High resolution vertical distributions of NO3 and N2O5 through the nocturnal boundary layer S. S. Brown1, W. P. Dubé1,2, H. D. Osthoff1,2, D. E. Wolfe1, W. M. Angevine1,2, and A. R. Ravishankara1,3 1NOAA Earth System Research Laboratory, 325 Broadway, Boulder, CO 80305, USA 2Cooperative Institute for Research in Environmental Sciences, University of Colorado, Boulder, CO 80305, USA 3Department of Chemistry and Biochemistry, University of Colorado, Boulder, CO 80309, USA
Abstract. The shallow mixing depth and vertical stratification of the lowest levels of
the atmosphere at night has implications for the chemistry of nitrogen
oxides emitted from the surface. Here we report vertical profiles of
NO3, N2O5 and O3 measured from in-situ instruments on a movable
carriage on a 300 m tower. The study offers high-resolution (<1 m)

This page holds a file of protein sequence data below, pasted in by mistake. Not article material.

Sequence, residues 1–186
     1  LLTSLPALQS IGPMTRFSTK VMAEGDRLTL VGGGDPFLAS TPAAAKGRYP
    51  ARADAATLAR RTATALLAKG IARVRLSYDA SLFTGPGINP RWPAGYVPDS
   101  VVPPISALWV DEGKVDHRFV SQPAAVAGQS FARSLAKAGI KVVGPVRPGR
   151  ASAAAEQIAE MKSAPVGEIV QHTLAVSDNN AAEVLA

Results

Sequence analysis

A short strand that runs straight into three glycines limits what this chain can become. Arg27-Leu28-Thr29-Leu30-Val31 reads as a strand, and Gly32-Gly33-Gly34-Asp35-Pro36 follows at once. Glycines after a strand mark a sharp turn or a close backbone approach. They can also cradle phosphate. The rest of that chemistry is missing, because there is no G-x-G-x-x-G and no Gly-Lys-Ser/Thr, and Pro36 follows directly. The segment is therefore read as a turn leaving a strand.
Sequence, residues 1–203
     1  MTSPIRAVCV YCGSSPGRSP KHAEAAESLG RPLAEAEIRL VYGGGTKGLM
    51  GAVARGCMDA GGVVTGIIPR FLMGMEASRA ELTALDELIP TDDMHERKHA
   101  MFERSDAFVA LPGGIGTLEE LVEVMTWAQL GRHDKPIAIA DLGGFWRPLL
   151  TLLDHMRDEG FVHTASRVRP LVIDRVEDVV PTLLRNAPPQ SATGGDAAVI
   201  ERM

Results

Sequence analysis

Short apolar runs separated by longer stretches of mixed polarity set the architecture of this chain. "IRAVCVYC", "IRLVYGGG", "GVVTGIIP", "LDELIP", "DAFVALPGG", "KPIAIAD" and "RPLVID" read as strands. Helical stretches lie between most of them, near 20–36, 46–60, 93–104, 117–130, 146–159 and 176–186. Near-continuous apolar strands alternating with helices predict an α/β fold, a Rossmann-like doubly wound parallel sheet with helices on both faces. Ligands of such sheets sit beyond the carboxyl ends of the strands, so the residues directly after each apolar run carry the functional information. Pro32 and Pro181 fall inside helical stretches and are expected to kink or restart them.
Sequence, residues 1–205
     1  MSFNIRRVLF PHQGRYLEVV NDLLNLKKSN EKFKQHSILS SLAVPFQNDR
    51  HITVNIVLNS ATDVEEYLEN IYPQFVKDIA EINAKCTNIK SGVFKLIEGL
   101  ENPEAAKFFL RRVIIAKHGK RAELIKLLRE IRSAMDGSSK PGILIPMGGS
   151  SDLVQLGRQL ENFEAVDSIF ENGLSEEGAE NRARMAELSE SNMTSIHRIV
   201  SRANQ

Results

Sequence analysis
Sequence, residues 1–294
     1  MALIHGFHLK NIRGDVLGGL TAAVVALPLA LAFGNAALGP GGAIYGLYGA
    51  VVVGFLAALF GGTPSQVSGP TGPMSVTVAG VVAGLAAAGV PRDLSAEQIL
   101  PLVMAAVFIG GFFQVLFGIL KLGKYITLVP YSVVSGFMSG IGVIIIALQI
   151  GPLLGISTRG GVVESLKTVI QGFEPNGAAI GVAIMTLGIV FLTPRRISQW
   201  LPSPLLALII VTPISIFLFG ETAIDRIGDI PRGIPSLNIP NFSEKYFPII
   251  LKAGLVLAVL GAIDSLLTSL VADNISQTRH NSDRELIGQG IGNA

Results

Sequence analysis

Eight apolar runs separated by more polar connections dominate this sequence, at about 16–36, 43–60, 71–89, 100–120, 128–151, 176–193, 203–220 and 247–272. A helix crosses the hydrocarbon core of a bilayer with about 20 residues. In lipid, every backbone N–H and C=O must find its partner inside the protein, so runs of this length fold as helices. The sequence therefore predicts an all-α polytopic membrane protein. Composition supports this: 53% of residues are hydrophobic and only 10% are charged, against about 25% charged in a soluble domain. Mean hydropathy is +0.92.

vertical distributions of both NO3 and N2O5 and shows that
the nocturnal mixing ratios of these compounds vary widely over short
vertical distance scales (10 m or less). Furthermore, there are systematic
differences in the steady state lifetimes of NO3 and N2O5 and
in the partitioning among nitrogen oxides between different near-surface
layers. These differences imply that NO3 and N2O5 occupy
distinct chemical regimes as a function of altitude, potentially serving as
sinks for nitrogen oxides and O3 near the surface but as reservoirs of
NOx and O3 aloft.
Citation: Brown, S. S., Dubé, W. P., Osthoff, H. D., Wolfe, D. E., Angevine, W. M., and Ravishankara, A. R.: High resolution vertical distributions of NO3 and N2O5 through the nocturnal boundary layer, Atmos. Chem. Phys., 7, 139-149, doi:10.5194/acp-7-139-2007, 2007.